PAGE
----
Why Our Ancestors Worshipped Those That Came Before Them
Thousands of years ago, we worshipped the elements of nature - the sun, the moon, the earth, the water, the flames, the air. Yet, there was another aspect to our lives that seemed to disappear only a few thousand years later. The practice of ancestor worship.
If we look at any of the ancient cultures and civilisations, we see that our ancestors lived a life in harmony with nature. They gave blessings and gratitude to the elements, for allowing them to survive. They blessed their food, the water they bathed in and the trees that gave them air to breathe. If we look closer, we can see that they also worshipped those that came before them. In Britain, for example, our ancestors would often bury relatives in their homes so their spirits could always be close to them. In our modern day, this practice seems morbid and kind of eerie, but it all adds up when we look deeper into the past.
To the ancients, the recently deceased were links to the further past. If someone could stay close to their deceased loved one, the information and wisdom from the otherworld could be passed to them. They could also prove their connection to the 'gods'.
In ancient Britain, temples carved out of mounds were common for ancestor worship. On the eve of a solstice, equinox or full moon, an auspicious air went over the tribe as they remembered who came before them. This was just one of the ways our ancestors connected to the past.
So why did they cling to the past?
Why would they want to keep their ancestors in the front of their minds?
Our ancestors wished to remember those that came before them because of the knowledge they had. The hope was this wisdom may be passed down through the generations to help them overcome the darkness that was to come.
To understand this period of history, we have to look at the cycles of time, or the Yugas. Each 'Yuga' or 'epoch' in history denotes a different quality. Science tells us that humans appeared around 200,000 years ago, according to the evidence they have found. In the Paleolithic era, we see more common human traits like making clothes, producing musical instruments and jewellery among other things - this is dated anywhere between 50,000 - 20,000 years ago. Modern science today paints a pretty uninteresting depiction of our past. We essentially evolved, made a few essential items, went through an ice age, then developed farming thousands of years later. The ancestor worship that was so common in these times doesn't make much sense - until we look at the Yugas.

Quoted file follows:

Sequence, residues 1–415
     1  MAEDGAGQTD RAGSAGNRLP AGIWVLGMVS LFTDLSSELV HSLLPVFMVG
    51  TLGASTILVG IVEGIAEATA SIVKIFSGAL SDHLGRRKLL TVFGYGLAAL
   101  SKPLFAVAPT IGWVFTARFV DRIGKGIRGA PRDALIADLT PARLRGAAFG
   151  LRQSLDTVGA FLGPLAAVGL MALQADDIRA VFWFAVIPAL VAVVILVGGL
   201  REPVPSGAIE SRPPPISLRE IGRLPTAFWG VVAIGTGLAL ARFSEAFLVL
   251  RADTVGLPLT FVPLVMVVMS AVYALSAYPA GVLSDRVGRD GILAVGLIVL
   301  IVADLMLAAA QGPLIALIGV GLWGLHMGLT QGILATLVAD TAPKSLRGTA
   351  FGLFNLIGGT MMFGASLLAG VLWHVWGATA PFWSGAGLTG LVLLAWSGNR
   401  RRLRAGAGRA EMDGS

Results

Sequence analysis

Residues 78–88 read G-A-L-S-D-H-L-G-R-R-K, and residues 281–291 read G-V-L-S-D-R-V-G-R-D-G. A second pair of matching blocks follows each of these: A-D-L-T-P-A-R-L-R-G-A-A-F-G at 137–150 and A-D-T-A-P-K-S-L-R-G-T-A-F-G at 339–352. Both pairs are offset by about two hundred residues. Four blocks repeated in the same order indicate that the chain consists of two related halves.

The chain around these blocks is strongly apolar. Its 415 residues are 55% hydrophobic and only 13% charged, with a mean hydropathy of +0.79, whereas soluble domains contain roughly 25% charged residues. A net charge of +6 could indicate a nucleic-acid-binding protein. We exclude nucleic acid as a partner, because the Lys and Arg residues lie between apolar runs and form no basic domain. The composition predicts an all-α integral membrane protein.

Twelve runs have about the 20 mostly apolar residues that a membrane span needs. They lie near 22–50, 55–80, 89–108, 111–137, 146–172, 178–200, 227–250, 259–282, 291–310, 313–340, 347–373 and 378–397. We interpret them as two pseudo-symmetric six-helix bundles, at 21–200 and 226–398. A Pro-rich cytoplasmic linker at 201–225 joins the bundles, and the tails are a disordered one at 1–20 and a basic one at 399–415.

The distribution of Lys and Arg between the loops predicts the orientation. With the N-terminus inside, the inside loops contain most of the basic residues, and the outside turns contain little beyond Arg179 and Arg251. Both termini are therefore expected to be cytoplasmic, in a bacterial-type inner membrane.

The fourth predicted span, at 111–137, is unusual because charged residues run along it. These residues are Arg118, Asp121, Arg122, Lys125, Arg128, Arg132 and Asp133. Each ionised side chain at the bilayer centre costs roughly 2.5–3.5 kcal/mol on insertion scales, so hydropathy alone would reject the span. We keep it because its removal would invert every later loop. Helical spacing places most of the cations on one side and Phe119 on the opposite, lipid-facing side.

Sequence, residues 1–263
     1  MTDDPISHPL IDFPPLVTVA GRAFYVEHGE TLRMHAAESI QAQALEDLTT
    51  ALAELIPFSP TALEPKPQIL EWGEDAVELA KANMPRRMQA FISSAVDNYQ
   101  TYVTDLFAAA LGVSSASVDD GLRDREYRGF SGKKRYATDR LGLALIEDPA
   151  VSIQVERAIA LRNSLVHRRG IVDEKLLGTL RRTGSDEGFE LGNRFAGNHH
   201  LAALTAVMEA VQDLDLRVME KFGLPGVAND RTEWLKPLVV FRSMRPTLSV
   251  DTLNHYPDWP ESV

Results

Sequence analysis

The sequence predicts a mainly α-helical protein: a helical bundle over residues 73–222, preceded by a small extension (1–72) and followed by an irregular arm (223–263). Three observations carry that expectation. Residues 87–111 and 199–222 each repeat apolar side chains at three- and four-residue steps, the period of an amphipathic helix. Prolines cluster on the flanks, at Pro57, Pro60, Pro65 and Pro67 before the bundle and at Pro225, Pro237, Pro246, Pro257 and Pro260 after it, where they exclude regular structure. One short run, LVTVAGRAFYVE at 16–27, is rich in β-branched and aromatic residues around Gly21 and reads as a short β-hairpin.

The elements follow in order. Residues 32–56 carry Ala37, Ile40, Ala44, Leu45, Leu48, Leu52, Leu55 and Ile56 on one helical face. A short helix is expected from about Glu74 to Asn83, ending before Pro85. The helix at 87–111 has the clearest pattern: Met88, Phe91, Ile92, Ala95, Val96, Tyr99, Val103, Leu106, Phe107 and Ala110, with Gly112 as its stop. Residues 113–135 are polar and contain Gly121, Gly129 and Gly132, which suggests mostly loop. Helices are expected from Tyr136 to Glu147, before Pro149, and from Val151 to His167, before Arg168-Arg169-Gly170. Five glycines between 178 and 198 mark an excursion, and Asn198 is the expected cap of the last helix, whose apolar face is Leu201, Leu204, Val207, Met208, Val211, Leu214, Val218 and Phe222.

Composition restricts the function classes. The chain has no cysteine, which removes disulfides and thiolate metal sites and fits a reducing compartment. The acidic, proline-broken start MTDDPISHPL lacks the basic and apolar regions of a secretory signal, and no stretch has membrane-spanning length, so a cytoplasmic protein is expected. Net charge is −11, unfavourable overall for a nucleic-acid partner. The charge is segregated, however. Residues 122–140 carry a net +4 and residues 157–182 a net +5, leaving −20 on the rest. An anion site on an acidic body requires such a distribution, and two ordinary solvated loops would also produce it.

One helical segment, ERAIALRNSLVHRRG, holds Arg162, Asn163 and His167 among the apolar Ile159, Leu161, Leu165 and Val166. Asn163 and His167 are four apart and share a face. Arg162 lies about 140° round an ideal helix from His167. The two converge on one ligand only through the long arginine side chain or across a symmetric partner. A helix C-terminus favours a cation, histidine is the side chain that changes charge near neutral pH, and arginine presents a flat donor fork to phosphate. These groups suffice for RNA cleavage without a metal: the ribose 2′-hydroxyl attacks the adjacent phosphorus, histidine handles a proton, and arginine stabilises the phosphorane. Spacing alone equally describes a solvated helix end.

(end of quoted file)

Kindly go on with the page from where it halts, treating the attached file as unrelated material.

The Yugas say that 200,000 years ago - 20,000 years ago (middle paleolithic to upper paleolithic) we lived in Satya Yuga. Swami Sri Yukteswar Giri, Yogananda's teacher, wrote that Satya Yuga was a time governed by spiritual energy. The average person lived in a peaceful, harmonious way. There was no competition for food, because it was manifested instantly, and people could heal themselves with their inner being because they understood the Universe on a deep level. In Greek mythology, the land of Arcadia, located in Greece, was said to be the birthplace of the gods. The people there of that time had no need to grow food, because it was so plentifully supplied. Sounds familiar, don't you think?